VW shares were down almost 17 per cent on Tuesday in Frankfurt, after losing 19 per cent on Monday Marko Cerovac
Volkswagen AG, the world's largest car maker by sales, has set aside billions of euros for legal costs after this week admitting it sold cars designed to trick emissions tests. Michael Horn, the car-maker's US CEO, said: 'We have totally screwed up'.
Higher actual fine
'Volkswagen plans to set aside a provision of some €6.5bn recognized in the profit and loss statement in the third quarter of the current fiscal year,' the German auto giant said in a stock exchange filing on 22 September. But as VW tacitly acknowledges in the statement, the actual fine could be far higher: 'Due to the ongoing investigations the amounts estimated may be subject to revaluation'. Bloomberg News estimates the fines by the US authorities could be as high as US$18bn, a figure greater than the firm's annual pre-tax profits, which stood at €7.6bn for the first six months of 2015.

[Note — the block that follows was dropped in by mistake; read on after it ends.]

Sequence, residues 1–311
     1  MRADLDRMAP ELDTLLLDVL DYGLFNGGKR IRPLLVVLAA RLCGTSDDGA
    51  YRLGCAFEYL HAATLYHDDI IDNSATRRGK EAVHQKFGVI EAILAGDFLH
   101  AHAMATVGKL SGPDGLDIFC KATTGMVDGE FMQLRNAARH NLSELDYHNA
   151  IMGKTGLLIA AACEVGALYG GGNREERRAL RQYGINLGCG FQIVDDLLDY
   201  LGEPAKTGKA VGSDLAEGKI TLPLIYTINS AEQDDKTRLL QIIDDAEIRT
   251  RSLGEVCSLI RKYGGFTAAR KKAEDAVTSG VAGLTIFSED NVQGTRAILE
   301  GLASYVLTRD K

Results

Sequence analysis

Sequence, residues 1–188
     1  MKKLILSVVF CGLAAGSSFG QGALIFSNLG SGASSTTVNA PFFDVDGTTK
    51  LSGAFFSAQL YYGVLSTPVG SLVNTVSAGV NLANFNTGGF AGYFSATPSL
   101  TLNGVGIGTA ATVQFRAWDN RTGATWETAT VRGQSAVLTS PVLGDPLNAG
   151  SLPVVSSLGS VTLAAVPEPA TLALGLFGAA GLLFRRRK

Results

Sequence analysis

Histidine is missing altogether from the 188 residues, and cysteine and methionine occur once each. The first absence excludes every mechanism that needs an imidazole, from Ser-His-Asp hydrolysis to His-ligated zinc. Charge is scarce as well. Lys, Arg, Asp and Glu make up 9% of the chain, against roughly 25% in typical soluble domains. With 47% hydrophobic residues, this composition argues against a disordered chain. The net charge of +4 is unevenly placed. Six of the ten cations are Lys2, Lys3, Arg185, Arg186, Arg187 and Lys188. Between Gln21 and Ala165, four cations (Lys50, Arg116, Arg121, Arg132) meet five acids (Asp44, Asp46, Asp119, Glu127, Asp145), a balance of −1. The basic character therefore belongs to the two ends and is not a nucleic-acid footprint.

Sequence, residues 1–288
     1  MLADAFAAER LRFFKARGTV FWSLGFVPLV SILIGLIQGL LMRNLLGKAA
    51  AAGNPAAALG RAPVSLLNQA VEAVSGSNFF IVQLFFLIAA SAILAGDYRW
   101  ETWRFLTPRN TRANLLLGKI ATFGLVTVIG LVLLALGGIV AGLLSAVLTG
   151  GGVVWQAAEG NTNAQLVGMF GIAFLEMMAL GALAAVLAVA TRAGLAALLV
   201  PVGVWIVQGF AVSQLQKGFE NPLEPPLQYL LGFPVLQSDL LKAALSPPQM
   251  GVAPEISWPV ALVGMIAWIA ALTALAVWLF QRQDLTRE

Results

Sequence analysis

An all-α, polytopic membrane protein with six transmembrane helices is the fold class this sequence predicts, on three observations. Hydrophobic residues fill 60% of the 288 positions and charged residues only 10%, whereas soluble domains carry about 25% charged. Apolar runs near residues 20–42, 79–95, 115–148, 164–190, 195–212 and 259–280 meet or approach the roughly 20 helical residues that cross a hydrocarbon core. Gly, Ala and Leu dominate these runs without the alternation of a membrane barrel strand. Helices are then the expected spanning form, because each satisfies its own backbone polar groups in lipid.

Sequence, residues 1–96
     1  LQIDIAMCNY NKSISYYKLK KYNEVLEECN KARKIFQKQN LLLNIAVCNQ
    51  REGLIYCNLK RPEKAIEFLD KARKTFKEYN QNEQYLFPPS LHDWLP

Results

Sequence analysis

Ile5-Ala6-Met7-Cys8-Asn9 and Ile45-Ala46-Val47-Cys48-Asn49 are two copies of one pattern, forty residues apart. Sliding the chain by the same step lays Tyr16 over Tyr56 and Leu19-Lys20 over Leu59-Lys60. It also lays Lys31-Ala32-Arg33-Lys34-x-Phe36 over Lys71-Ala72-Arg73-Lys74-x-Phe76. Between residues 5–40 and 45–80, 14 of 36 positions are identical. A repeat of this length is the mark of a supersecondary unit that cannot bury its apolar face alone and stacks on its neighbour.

Along with an Environmental Protection Agency probe, it has now emerged that the US Department of Justice is to launch its own investigation into VW's manipulation of the emissions testing process. Up to 11 million diesel cars are understood to be set for recall following the revelations, with German industry leaders warning the scandal could wreck the company's reputation for trustworthiness. 'The damage is not only to VW’s image in the US, but globally, this means jobs at VW and many of its suppliers in Germany will be at risk', said Marcel Fratzscher, president of the German Institute for Economic Research.
'I personally am deeply sorry that we have broken the trust of our customers and the public,' said Martin Winterkorn, the VW CEO. 'We will cooperate fully with the responsible agencies, with transparency and urgency, to clearly, openly, and completely establish all of the facts of this case.' Sources: VW Group; BBC News; Reuters